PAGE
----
There has been much hype about the value of music for future academic success (Ilari, 2011). Confronted by a vast array of choices in an increasingly commercialised and digitised world (Hughes, 2005) and motivated by concern to provide children with the best, educators and families often look to technology as a source of music and learning. However, the singing experiences presented here show the value of an alternative approach. Through singing, children share in rich communication and relationships, a sense of belonging, meaningful learning and many happy experiences.

Singing and the Early Years Learning Framework

Belonging

  • Being sung to is special, creating closeness and relaxation.
  • Shared singing with adults supports the development of secure and trusting relationships.
  • Participation in action songs and singing games promotes togetherness (our natural urge to be part of a group) (Van Oers & Hannikainen, 2001).
  • Learning songs of their culture supports children’s sense of belonging: in families, communities and early childhood settings.

Being

  • Singing aids wellbeing: music therapy research shows that singing can slow heart rate, decrease stress and lift mood.
  • Singing is fun: as in the peek-a-boo song above.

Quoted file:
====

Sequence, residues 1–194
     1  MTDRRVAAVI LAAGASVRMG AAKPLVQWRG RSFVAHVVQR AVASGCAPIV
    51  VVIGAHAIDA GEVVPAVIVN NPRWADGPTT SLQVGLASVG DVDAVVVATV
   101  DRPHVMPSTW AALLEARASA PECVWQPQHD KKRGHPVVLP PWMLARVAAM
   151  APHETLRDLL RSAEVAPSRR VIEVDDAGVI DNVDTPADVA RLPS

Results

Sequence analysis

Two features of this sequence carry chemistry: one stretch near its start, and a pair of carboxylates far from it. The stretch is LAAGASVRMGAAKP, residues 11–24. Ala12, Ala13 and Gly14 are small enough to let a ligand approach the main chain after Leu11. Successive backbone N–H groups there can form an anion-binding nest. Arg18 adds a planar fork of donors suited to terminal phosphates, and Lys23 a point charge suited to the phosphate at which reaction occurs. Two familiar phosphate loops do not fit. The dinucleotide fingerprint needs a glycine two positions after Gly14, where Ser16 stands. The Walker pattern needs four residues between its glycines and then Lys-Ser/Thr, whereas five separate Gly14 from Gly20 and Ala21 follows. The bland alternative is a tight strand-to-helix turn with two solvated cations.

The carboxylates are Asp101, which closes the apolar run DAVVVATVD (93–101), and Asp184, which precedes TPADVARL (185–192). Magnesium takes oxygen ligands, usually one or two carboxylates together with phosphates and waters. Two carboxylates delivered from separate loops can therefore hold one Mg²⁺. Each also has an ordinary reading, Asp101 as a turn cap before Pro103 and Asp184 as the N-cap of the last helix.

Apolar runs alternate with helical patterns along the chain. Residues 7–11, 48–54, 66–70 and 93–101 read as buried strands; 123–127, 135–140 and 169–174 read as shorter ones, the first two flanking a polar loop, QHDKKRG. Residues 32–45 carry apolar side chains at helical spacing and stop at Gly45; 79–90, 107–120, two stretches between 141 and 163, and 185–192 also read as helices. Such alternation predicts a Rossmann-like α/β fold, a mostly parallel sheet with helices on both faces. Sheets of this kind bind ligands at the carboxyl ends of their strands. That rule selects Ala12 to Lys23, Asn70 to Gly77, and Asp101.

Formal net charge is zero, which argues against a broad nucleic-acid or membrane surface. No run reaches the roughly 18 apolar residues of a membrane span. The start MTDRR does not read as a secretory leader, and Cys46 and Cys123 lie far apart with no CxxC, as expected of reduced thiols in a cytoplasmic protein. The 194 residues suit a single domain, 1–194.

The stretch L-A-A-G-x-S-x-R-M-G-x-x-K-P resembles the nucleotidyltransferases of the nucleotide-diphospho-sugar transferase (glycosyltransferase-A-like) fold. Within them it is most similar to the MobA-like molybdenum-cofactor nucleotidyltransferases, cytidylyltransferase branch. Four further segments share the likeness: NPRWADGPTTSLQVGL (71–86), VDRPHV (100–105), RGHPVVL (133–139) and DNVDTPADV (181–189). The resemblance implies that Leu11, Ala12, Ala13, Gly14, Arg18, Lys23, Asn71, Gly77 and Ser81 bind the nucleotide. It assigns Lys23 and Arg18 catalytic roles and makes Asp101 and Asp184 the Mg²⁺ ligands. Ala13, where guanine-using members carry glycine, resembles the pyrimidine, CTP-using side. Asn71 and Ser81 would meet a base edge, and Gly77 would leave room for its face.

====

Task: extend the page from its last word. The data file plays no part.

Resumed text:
• Songs provide a clear and predictable structure for routines and transitions, making the day flow smoothly and happily for children and adults.

Becoming

  • Singing aids joint attention, listening and concentration.
  • Singing promotes speech and language: rhythm, rhyme, repetition and slower pace of articulation make songs a valuable developmental tool.
  • Singing builds social and pretend play skills: the structure and actions of songs provide a framework, supporting the development of intersubjectivity (shared thinking and understanding).
  • Our voice is our built-in musical instrument: awareness of beat, rhythm and pitch, acquired through singing and being sung to, lay foundations for all musical learning.

Five reasons to turn off the CD player:

  • to communicate more directly with children
  • to be responsive to their spontaneous creative ideas
  • to adjust the pace and pitch of singing: often recordings are too fast or too low in pitch for very young children
  • to enable children to hear and process a song more successfully without many layers of accompaniment
  • to provide an alternative musical experience to the electronic, busy, beat-heavy music and singing which are common in our lives: on TV, DVDs, radio or MP3s, in homes and public places.

‘Sing a rainbow’ with your children and share their joy.

This article was originally published in Every Child magazine here.

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Amanda Niland

In her career as an early childhood teacher and tertiary educator Dr Amanda Niland has always been fascinated by young children's interest in the arts. This has inspired her to develop research projects in arts education as well as to write songs, poems and stories for young children. Her aim as a lecturer in early childhood is to inspire pre-service teachers to nurture young children's development in the creative arts. Amanda has a keen interest in social inclusion and inclusive education and is involved with community music groups in an early intervention setting. Amanda is also an author of children's picture books.